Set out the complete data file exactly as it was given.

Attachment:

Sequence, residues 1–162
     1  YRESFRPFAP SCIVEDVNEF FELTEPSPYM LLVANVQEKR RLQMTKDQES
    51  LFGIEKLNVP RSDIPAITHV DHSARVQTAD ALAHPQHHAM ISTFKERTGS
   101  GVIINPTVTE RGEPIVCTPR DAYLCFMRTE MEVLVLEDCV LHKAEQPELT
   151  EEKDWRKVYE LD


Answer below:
Sequence, residues 1–162
     1  YRESFRPFAP SCIVEDVNEF FELTEPSPYM LLVANVQEKR RLQMTKDQES
    51  LFGIEKLNVP RSDIPAITHV DHSARVQTAD ALAHPQHHAM ISTFKERTGS
   101  GVIINPTVTE RGEPIVCTPR DAYLCFMRTE MEVLVLEDCV LHKAEQPELT
   151  EEKDWRKVYE LD